(And, of course, if the width of the river is 2kr then the task becomes impossible. When the boom has swung 180° the raft will have shifted a bit the other way, leaving the load short of the target shore!)

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We are asked to find the minimum angle, implying there is some variable which needs to be tuned to achieve that. Of the variables christened in post #1, only k seems like something the operator could tune.
It turns out that with this interpretation the width of the river, and r, M and m, are all irrelevant
The value of ##\beta## that minimizes ##\alpha## doesn't depend on the width of the river, nor does it depend on r, M, m. But doesn't the minimum value of ##\alpha## itself depend on the width of the river as well as r, M, and m? This is one thing that bothered me about the problem statement, which doesn't mention the width of the river as being relevant.

Lnewqban, Steve4Physics and haruspex
Relevant Equations:: torque1+torque2=0

What is meant by "the smallest value of angular displacement of the raft from its original position during one cycle"?

Since that is the Only question asked, the planar movement around the COM of crane+load is not needed.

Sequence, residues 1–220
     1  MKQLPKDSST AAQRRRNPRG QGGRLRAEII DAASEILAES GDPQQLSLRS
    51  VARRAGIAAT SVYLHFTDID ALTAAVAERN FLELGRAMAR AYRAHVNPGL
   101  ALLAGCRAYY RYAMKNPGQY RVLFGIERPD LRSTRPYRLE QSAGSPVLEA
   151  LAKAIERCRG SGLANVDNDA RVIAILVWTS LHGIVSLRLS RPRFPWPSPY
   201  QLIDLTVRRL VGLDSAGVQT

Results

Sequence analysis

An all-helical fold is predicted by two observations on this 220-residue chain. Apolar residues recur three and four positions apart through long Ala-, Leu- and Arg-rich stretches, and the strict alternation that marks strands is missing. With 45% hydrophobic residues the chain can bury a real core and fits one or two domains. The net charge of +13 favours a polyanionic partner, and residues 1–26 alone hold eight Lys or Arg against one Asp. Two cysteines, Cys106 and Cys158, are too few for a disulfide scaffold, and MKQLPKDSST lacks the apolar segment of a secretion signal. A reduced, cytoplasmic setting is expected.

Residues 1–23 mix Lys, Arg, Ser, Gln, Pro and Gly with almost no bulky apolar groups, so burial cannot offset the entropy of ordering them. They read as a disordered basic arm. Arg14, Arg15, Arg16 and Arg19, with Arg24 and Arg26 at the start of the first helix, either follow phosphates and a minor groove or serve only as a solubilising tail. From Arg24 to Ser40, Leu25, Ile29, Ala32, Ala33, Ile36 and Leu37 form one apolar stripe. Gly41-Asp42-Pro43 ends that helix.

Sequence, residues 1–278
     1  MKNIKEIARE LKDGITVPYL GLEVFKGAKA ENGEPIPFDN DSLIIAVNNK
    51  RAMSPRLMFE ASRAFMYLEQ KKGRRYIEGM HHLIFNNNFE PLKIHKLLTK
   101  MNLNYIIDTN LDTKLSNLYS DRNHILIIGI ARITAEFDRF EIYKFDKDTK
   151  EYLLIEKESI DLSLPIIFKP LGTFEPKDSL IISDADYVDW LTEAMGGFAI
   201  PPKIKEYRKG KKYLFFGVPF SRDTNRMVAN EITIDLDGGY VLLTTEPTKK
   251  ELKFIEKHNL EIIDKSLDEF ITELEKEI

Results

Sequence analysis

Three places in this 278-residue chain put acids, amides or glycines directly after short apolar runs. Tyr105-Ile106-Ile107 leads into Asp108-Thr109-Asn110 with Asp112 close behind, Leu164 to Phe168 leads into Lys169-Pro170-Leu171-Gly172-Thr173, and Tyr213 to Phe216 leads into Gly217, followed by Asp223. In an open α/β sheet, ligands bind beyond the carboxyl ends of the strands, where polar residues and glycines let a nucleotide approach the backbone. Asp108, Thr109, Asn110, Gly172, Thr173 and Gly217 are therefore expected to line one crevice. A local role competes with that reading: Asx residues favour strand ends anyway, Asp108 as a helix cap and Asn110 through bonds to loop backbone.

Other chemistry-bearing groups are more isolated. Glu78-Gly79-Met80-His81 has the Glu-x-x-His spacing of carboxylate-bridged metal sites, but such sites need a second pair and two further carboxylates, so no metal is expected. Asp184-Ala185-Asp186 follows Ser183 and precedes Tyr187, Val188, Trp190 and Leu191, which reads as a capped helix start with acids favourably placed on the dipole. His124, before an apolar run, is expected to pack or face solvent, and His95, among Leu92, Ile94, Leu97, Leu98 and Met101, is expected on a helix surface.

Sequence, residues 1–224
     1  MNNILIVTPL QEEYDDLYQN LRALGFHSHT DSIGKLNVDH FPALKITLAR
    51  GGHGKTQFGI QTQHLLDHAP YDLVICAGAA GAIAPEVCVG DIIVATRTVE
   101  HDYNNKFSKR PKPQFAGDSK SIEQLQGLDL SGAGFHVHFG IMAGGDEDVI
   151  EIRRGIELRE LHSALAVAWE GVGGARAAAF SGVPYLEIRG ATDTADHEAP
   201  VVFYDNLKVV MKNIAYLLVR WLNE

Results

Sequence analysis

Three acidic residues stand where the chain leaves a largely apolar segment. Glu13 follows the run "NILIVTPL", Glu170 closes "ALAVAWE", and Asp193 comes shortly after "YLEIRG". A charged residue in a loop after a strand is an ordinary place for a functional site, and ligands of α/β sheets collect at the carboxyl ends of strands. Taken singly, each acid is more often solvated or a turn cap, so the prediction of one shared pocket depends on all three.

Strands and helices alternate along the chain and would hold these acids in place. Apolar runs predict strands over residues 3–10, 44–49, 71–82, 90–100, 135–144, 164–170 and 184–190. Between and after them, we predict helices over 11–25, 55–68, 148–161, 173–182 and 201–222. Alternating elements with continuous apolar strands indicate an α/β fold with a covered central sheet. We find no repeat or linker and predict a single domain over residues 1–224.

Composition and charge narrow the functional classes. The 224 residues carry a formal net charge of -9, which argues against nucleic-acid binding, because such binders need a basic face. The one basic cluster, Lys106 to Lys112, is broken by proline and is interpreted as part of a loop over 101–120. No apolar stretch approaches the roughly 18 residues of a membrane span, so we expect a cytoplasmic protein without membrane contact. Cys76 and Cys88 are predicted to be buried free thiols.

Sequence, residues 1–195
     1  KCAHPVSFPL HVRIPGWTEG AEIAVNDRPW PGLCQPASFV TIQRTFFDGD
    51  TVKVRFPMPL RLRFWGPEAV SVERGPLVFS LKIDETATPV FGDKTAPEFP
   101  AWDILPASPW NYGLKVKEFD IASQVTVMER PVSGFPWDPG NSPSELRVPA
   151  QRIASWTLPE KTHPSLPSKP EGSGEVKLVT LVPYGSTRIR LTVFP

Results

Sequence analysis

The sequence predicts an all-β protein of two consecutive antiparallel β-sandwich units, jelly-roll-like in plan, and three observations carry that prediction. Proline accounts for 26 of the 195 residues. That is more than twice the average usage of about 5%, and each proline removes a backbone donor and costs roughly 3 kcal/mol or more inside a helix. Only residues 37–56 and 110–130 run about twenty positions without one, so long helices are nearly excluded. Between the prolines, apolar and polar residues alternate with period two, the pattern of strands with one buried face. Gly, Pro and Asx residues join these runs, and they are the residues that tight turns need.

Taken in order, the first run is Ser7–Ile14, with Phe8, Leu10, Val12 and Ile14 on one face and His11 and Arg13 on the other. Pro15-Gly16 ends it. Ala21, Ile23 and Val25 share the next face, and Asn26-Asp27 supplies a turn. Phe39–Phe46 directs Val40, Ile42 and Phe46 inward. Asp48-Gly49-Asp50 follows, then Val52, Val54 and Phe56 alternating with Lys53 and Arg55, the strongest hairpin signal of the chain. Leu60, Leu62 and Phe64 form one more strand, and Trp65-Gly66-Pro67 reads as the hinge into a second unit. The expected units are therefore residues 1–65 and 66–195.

In the limit of a miniscle (0) load mass, the answer would be _____.

In the limit of an infinite load mass, the answer would be ______.

If the assumption of a massless boom is valid, I think that reduces to a function of the mass ratios, m and Mc, and the variable k.

The value of ##\beta## that minimizes ##\alpha## doesn't depend on the width of the river, nor does it depend on r, M, m. But doesn't the minimum value of ##\alpha## itself depend on the width of the river as well as r, M, and m? This is one thing that bothered me about the problem statement, which doesn't mention the width of the river as being relevant.
Ah, good point.
##\alpha=\frac{W^2m}{r^2(M+m)\sin(\beta)}##.
But I still do not see any more reasonable interpretation.

Since that is the Only question asked, the planar movement around the COM of crane+load is not needed.
Except that the linear movement means the answer changes with each cycle, so it should ask for the first cycle, not "one" cycle,
In the limit of a miniscle (0) load mass, the answer would be
Zero
In the limit of an infinite load mass, the answer would be
Infinity
How does that help?

How does that help?
By giving a hint of the form of the equation needed to answer the problem. (I hoped)